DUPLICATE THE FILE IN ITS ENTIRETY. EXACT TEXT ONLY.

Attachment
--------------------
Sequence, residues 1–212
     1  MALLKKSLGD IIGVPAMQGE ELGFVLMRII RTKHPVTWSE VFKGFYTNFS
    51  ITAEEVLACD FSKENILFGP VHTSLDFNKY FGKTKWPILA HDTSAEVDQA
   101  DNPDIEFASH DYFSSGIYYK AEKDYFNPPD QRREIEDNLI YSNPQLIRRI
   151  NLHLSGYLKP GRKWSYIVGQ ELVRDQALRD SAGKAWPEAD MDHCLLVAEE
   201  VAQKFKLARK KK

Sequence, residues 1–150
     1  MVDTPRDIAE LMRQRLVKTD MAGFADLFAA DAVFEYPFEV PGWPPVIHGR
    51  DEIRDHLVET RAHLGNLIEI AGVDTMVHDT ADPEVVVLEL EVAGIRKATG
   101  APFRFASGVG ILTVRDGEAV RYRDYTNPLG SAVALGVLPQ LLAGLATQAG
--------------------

Sequence, residues 1–212
     1  MALLKKSLGD IIGVPAMQGE ELGFVLMRII RTKHPVTWSE VFKGFYTNFS
    51  ITAEEVLACD FSKENILFGP VHTSLDFNKY FGKTKWPILA HDTSAEVDQA
   101  DNPDIEFASH DYFSSGIYYK AEKDYFNPPD QRREIEDNLI YSNPQLIRRI
   151  NLHLSGYLKP GRKWSYIVGQ ELVRDQALRD SAGKAWPEAD MDHCLLVAEE
   201  VAQKFKLARK KK

Sequence, residues 1–150
     1  MVDTPRDIAE LMRQRLVKTD MAGFADLFAA DAVFEYPFEV PGWPPVIHGR
    51  DEIRDHLVET RAHLGNLIEI AGVDTMVHDT ADPEVVVLEL EVAGIRKATG
   101  APFRFASGVG ILTVRDGEAV RYRDYTNPLG SAVALGVLPQ LLAGLATQAG